Tom Riordan, from Yorkshire Forward, told BBC News: "The biggest criticism I've heard of this project is that it's too good to be true.
"It solves so many things... it gives us jobs in the region, it gives us world leadership in something that everybody across the world is absolutely seeing as a priority."
However some climate protesters doubt the effectiveness of CCS.
Tom Jackson, of the Camp for Climate Change, said: "As it stands at the moment CCS doesn't actually really exist, as we have proven.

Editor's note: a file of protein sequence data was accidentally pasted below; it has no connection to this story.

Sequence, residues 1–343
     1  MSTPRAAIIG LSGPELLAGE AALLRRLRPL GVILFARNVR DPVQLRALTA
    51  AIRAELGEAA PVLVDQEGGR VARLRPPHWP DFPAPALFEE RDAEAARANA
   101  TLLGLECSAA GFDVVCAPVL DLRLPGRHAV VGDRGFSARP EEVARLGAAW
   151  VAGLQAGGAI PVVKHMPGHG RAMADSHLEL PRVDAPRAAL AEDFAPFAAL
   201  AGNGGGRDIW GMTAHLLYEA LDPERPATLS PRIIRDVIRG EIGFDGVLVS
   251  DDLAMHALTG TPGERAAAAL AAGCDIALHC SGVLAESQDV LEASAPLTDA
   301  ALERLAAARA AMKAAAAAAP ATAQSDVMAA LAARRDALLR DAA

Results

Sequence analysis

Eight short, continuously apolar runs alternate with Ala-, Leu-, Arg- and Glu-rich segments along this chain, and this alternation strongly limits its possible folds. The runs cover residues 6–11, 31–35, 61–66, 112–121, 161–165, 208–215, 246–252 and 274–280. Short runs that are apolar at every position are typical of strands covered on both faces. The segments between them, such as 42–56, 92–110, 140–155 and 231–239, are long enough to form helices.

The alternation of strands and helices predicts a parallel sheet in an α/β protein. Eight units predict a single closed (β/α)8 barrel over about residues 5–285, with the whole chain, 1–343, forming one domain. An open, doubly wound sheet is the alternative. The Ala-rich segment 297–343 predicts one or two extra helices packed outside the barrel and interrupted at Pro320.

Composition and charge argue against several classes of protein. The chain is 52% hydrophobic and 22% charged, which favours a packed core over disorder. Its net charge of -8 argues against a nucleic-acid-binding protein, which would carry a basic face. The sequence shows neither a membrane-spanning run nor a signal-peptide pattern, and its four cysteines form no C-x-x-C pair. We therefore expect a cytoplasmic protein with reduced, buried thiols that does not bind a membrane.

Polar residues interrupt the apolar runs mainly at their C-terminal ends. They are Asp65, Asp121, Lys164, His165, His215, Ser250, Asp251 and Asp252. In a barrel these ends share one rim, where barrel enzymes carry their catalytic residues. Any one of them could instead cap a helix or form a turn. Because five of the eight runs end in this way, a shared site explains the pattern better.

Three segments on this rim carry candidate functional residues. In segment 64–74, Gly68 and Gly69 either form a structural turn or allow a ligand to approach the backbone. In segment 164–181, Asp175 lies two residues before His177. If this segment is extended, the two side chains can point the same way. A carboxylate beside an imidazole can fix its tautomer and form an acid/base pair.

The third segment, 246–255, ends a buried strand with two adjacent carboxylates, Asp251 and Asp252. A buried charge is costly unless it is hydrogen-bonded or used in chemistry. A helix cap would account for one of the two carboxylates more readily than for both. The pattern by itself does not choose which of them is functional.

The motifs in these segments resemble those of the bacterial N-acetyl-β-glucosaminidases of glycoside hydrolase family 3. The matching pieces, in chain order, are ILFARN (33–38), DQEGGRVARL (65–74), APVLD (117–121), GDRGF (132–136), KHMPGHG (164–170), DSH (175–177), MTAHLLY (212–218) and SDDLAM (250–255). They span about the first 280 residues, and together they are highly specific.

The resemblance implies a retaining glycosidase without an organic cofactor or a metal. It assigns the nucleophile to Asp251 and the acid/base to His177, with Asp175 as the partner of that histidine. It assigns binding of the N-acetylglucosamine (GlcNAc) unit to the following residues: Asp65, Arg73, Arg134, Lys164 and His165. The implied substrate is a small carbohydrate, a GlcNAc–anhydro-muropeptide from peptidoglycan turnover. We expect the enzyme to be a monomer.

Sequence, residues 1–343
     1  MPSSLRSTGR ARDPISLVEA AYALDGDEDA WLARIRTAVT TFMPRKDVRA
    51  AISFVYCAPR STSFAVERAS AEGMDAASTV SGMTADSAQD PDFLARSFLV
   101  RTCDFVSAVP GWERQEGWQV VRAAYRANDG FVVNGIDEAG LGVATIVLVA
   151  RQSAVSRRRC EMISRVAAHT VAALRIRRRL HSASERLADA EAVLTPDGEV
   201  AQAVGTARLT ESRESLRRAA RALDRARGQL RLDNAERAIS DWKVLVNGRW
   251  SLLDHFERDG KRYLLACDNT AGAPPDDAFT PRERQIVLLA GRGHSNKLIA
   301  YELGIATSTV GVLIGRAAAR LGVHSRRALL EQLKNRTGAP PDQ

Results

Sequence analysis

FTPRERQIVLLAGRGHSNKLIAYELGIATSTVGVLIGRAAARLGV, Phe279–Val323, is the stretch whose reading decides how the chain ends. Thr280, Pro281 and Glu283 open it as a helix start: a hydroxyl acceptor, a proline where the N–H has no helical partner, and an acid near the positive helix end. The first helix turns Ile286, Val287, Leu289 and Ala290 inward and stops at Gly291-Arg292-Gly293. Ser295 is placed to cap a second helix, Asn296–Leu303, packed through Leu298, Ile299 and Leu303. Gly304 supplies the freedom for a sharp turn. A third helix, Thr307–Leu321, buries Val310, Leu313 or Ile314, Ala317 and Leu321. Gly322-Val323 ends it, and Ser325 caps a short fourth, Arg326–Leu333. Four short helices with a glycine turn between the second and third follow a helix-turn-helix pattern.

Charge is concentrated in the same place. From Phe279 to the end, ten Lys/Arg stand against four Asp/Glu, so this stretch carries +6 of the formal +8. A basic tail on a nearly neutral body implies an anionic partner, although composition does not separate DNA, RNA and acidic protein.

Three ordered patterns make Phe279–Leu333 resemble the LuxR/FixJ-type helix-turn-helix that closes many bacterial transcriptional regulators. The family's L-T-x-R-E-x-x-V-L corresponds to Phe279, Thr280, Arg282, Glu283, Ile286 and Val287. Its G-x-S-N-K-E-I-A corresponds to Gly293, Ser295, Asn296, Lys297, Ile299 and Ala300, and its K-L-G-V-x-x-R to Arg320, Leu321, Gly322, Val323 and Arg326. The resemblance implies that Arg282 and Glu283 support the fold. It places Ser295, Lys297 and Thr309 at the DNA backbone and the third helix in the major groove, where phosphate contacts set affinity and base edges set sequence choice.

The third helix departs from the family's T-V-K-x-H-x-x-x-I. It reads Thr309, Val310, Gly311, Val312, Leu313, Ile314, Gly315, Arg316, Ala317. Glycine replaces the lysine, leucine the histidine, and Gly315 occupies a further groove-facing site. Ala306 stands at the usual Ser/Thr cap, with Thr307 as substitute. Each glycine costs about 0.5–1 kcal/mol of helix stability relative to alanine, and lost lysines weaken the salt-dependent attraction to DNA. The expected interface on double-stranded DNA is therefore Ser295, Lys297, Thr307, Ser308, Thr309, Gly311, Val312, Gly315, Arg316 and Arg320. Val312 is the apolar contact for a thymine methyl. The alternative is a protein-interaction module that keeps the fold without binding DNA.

"It is largely science-fiction and most industry experts do say that it's going to be at least 2020 before this is actually commercially viable which really is too late."
Last month a spokesperson for the Department of Energy and Climate Change said: "The UK is in a strong position on CCS and we expect to be one of the first countries in the world to demonstrate this technology."
BBC Look North's Alan Whitehouse describes how the plant will work
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